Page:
There are many obstacles that need to be dealt with in closing the Guantanamo Bay and many resources will have to be spent in doing so. Even if it’s achieved, though, the horrendous costs on society are extremely hard to justify (Auster, 1). One of the possible solutions that are discussed is the freeing of the detainees. This is not as simple as it seems and is prone to have dreadful consequences.

History shows that many of the detainees, when released, head back to their own countries, join terrorist organizations, and continue to terrorize civilians. As stated in the Washington Post, more than 10 out of the 202 prisoners set free from Guantanamo were captivated again or killed in combat in Afghanistan or Pakistan. Moreover, around 25 of the 202 released have gone back and continued terrorism. (Spencer, Cohen and Phillips, 1)

In 2003, an ex Taliban field commander was released from Guantanamo after he managed to convince the officials that he will not be associated with any kind of violence from then onwards (Spencer, Cohen and Phillips, 1). Similarly, Maulvi Ghafar was also released in early 2004. Both these prisoners were later killed in the combat in Afghanistan fighting alongside the terrorists (Spencer, Cohen and Phillips, 1). Also, Abdullah Mesud, a Pakistani, was released in the March of 2004. He, at that time, was not considered a big threat because he had an artificial leg. On returning to Pakistan, he led a group of terrorists against the government and kidnapped two Chinese engineers who were working in the construction of a dam (Spencer, Cohen and Phillips, 1). It is, therefore, very evident that the detainees must not be released, at least without ample amount of considerations and cost benefit analysis. They pose a serious threat to the safety and security of the US, as well as the rest of the world.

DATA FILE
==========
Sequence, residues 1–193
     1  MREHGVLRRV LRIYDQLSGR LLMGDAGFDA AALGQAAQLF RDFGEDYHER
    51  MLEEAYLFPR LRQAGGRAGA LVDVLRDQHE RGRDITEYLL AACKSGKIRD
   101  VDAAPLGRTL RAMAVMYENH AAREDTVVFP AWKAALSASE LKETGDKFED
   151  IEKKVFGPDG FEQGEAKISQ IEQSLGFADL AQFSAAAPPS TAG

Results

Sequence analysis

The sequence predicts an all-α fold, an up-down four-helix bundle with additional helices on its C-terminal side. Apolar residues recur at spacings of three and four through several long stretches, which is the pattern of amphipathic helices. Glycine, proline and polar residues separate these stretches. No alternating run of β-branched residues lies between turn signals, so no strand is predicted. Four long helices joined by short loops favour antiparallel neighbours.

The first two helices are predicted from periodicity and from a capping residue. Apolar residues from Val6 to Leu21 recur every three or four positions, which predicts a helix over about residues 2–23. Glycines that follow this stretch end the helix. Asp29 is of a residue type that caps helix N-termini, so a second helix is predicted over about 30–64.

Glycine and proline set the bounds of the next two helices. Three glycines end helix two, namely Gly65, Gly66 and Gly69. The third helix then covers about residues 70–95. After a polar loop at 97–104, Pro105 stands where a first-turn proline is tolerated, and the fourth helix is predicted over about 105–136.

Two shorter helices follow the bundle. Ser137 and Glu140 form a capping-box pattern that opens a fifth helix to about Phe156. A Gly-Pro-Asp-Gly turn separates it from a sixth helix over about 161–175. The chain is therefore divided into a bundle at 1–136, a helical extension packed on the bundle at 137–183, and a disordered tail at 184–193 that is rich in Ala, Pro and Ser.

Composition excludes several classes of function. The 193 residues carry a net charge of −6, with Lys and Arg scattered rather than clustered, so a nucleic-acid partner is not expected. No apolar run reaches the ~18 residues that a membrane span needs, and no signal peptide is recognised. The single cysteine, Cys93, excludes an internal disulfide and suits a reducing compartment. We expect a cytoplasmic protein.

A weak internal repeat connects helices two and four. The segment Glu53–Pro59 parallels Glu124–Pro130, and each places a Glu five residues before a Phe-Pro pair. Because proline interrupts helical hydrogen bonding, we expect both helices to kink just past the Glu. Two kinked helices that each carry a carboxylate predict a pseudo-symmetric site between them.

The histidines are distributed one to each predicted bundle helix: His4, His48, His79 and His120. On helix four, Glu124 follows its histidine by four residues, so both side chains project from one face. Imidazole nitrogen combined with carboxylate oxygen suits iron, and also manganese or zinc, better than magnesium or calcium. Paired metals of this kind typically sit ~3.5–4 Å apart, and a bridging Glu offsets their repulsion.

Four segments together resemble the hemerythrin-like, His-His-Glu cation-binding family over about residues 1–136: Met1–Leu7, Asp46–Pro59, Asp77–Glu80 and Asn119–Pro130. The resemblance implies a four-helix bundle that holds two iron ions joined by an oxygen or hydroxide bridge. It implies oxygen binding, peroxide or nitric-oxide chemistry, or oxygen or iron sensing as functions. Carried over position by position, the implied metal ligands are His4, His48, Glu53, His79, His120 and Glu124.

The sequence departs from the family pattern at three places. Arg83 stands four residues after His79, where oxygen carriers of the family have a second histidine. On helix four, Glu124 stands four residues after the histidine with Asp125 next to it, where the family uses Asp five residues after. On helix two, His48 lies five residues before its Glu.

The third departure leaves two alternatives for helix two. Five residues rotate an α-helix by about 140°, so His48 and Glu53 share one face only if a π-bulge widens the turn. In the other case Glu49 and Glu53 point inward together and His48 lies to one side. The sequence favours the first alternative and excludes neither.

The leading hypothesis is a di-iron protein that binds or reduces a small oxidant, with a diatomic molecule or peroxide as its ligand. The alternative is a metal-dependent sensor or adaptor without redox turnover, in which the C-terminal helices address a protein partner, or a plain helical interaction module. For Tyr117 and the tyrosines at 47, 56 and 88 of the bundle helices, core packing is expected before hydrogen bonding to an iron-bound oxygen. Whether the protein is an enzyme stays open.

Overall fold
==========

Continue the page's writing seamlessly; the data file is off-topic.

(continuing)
Another possible solution talked over is the possible transferring of the prisoners to another location within the United States. Again, this is much easier said than done. Firstly, what difference will transferring the detainees to another location make? It will only be the name of the facility that is changing. Moreover, either the other high security prisons in the country are not ready to accept such high threat prisoners or they just don’t have the resources required to keep them.

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The mere names of the detainees and the image they carry spawn of enough protest against transferring them. For instance, the planners had to take down the name of Leavenworth prison from the prospective prisons because of the immense amount of protest encountered by the citizens and the political representatives of the region. (Cuculu, 1)

One option that was considered was Michigan’s Standish Maximum Security Prison. However, the Standish City Council members did state that they would prefer taking in normal prisoners from other states over the Guantanamo terrorists. Additionally, California also labeled the facilities present at the prison as unsuitable for the dangerous terrorists. (Cuculu, 1)